In Carol Dweck’s book, Mindset: The New Psychology Of Success, you learn all about a fixed versus growth mindset. This is a psychological theory put forward by Dweck that challenges fixed ways of thinking and approaching situations.
On the one hand, a fixed mindset refers to the belief that one is born with inherent talents and traits, and that these predetermine what we will and will not be good at. People with this kind of mindset avoid learning and growing from mistakes and failures, considering this futile.
On the other hand, however, is the growth mindset, which is about just that: growth. People with this kind of mindset think that intelligence and talent can only grow with practice and learning. So, they are able to change their outcomes and change failures into successes.
As Winston Churchill once said, “Success is the ability to go from one failure to another with no loss of enthusiasm.”
Groupthink In Relation To Mindset Theory
Dweck proposes in her book that it is the latter kind of mindset that can and will allow for further growth and development - both for individuals as well as for groups.
So, what does groupthink have to do with it? Groupthink is a widely researched psychological phenomenon whereby groups of people, driven by their desire for cohesion, avoid straying from the norm. They put unlimited faith in a single leader, and do not oppose their decisions in any way. This discourages critique and out-of-the-box problem-solving.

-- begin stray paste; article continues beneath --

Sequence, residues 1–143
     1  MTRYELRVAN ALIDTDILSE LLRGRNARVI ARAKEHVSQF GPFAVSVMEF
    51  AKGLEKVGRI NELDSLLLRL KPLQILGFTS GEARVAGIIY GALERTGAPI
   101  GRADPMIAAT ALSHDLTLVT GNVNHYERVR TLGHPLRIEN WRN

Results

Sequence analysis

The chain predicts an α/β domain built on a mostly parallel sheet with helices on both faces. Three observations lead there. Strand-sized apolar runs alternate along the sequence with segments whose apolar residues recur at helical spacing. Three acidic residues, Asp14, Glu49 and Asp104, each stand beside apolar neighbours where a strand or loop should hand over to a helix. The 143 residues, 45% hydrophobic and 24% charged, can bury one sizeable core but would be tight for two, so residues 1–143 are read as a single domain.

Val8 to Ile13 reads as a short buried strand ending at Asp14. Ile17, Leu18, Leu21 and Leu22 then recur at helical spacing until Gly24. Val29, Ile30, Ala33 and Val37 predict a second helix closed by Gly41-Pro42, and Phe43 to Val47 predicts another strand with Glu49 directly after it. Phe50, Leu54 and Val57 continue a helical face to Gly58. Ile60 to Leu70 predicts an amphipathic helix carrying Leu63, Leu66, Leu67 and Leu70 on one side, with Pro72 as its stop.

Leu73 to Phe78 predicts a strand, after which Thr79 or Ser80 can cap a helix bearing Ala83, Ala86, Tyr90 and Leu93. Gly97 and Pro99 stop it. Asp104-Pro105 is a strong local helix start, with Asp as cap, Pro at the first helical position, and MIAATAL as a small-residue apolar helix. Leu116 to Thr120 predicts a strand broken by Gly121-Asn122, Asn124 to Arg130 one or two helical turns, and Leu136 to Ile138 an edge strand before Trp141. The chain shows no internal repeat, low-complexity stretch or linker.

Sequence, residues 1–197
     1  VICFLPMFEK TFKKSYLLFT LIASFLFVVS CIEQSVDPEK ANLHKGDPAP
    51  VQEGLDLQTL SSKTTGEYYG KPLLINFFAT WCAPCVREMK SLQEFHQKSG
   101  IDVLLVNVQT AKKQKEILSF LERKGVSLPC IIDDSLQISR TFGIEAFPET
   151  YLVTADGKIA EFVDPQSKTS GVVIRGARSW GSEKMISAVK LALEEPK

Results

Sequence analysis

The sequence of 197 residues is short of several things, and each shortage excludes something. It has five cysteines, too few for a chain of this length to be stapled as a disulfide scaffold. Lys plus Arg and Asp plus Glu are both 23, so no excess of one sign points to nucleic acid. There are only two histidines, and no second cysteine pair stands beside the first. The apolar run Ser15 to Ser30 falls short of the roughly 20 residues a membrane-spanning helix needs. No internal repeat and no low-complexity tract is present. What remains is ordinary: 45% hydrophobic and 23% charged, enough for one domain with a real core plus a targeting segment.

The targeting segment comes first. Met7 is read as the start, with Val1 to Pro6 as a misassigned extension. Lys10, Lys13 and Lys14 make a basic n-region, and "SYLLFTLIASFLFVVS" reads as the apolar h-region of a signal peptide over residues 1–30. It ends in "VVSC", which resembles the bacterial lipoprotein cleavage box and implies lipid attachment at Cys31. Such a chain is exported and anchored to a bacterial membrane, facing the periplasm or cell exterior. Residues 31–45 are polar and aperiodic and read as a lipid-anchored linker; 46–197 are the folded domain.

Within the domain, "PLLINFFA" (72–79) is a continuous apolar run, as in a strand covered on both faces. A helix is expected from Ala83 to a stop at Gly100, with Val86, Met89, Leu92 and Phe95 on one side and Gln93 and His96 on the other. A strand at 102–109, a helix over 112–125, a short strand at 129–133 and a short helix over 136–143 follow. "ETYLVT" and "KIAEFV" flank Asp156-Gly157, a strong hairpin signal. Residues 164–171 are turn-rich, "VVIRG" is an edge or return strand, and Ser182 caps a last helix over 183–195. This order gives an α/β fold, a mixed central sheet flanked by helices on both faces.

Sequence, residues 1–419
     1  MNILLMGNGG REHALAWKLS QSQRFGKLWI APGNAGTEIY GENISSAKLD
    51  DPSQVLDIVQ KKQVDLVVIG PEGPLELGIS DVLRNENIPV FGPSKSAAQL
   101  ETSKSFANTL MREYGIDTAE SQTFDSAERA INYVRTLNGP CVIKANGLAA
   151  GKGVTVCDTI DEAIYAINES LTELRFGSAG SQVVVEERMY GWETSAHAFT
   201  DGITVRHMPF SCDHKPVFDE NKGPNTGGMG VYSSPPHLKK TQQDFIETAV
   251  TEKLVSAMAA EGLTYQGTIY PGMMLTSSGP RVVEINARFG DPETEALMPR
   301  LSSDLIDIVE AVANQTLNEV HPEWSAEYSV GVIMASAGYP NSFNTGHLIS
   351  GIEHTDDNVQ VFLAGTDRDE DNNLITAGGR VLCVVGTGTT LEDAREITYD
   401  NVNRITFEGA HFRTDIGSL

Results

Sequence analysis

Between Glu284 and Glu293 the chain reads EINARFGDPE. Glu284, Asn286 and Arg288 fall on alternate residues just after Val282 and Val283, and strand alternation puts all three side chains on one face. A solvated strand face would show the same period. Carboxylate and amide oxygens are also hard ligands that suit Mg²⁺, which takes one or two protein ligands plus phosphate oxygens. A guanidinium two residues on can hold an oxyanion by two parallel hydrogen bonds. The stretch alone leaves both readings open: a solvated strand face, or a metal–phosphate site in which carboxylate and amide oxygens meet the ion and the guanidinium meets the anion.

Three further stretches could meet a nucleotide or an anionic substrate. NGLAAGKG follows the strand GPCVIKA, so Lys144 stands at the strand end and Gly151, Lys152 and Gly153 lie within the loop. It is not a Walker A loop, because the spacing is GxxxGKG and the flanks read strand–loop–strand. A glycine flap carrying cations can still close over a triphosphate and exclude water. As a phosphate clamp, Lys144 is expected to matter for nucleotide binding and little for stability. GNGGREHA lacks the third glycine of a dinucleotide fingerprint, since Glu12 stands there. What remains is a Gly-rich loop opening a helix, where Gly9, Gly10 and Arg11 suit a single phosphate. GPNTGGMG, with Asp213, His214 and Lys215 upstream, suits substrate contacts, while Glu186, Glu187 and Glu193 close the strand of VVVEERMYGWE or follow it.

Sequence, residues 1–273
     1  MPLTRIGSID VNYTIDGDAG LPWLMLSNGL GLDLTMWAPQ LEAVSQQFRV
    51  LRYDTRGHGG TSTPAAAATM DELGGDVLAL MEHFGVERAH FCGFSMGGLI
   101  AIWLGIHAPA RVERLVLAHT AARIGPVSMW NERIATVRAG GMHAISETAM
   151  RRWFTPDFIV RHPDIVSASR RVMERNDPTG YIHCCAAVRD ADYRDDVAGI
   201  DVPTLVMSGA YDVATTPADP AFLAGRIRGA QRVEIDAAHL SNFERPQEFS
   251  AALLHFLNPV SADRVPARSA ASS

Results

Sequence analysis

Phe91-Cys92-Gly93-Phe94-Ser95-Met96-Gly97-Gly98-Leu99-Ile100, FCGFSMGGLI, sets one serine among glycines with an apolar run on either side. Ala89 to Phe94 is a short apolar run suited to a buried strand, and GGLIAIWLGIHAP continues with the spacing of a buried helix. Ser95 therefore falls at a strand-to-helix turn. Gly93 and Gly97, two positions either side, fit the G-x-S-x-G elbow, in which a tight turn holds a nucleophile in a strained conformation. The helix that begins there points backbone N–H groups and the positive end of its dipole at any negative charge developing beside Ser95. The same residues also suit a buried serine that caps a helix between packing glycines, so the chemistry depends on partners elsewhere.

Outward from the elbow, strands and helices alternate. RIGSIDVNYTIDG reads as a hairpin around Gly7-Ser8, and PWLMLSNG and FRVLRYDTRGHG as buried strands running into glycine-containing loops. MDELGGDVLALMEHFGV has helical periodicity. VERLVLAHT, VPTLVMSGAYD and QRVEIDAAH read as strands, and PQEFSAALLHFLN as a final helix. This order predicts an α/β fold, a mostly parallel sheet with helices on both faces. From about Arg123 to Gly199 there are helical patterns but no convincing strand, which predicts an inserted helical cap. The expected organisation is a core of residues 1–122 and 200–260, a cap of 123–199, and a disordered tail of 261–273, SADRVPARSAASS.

Essentially, groupthink is informed and created by people with fixed mindsets. Think about it - people with growth mindsets would rather approach situations with the willingness to think outside of the box. But people with fixed mindsets are more likely to avoid challenges and opportunities for learning and growth.
Winston Churchill: An Example
Winston Churchill’s ‘Special Department’ is a great example of a real-life leadership incident where the application of a growth mindset allowed groupthink to be avoided.
This department was put in place by Churchill to give him bad news so that he could have a well-balanced view of things. Churchill ensured that his team would not be afraid to offer opposing opinions and point out problems with his plans or ideas. In doing so, it allowed him to avoid being “group-thinked” into a sense of false security.
This is a clear example of a growth mindset over a fixed one. Churchill’s growth mindset led him to ask for a well-balanced view of things that ultimately helped him to tackle problems and come up with well-thought-out solutions.
Final Thoughts: How To Avoid Groupthink
So, how do we avoid groupthink? We can learn from Churchill here: don’t avoid negative things, and do encourage and embrace a well-balanced view of things.
Essentially, if we ensure that we keep a growth mindset, we will not succumb to the groupthink phenomenon that prioritises cohesion over change. To do this, try engaging everyone in your teams and encourage their unfiltered input, which will result in healthy debate and better decision-making.
If your organisation is looking for a tool to involve all employees in decision-making and debate topics, have a look at incy.io. It enables your staff to participate in creating clarity on non-conformities, prevent and decrease the amount of friction in cross-team communications and gather actionable data while doing these.
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